Main Page | See live article | Alphabetical index

Map projection

A map projection is any of many methods used in cartography (mapmaking) to represent the two-dimensional curved surface of the earth or other body on a two-dimensional plane. This process is typically a mathematical procedure. Some methods are based on graphical, or geometric procedures, but in the end any projection can be expressed mathematically.

The creation of a map projection involves three steps, the first two in which information is lost:

  1. selection of a model for the shape of the earth or planetary body (usually choosing between a sphere or ellipsoid)
  2. transform geographic coordinates (longitude and latitude) to plane coordinates (eastings and northings or x,y).
  3. reduce the scale (in manual cartography this step came second, in digital cartography it comes last)

Table of contents
1 Metric properties of maps
2 Choosing a projection surface
3 Orientation of the projection
4 Using globes vs. projecting on a plane
5 Choosing a model for the shape of the Earth
6 Categories
7 References
8 Links

Metric properties of maps

Maps assume that the viewer has an orthogonal view of the map (they are looking straight down on every point). This is also called a perpendicular view or normal view. Some metric properties of a map are Most map projections, both practically and theoretically, are not "projections" in any physical sense. Rather, they depend on mathematical formulae that have no direct physical interpretation. However, in understanding the concept of a map projection it is helpful to think of a globe with a light source placed at some definite point with respect to it, projecting features of the globe onto a surface. The following discussion of developable surfaces is based on that concept.

Choosing a projection surface

If a surface can be transformed onto another surface without stretching, tearing, or shrinking, then the surface is said to be an applicable surface. The sphere and ellipsoid are not applicable with a plane surface, so any projection that attempts to project them on a flat sheet will have to distort the image (similar to the impossibility of making a flat sheet from an orange peel). A surface that can be unfolded or unrolled into a flat plane or sheet without stretching, tearing or shrinking is called a 'developable surface'. The cylinder, cone and of course the plane are all developable surfaces since they can be unfolded into a flat sheet without distorting the projected image (although the original projection of the earth's surface on the cylinder or cone would be distorted).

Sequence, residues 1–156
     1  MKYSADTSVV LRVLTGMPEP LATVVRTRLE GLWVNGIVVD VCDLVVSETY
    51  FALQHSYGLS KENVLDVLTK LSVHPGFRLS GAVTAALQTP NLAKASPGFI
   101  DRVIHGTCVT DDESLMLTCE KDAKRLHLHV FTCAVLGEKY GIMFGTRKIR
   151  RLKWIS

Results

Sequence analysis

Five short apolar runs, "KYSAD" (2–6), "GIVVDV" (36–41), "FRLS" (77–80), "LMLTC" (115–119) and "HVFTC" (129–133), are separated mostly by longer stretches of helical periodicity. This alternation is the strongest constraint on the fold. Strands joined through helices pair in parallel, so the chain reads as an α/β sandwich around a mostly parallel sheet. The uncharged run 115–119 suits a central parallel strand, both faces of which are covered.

Orientation of the projection

Once a choice is made between using a cylinder or cone is made, the orientation for that shape must be chosen (how the cylinder or cone is "placed" on the earth). The orientation of the projection surface can be normal (inline with the earth's axis), transverse (at right angles to the earth's axis) or oblique (any angle in between). These surfaces may also be either tangent or secant to the sphere or ellipsoid (if you see both a 1st and 2nd parallel on a projected map then the projection must be secant).

Using globes vs. projecting on a plane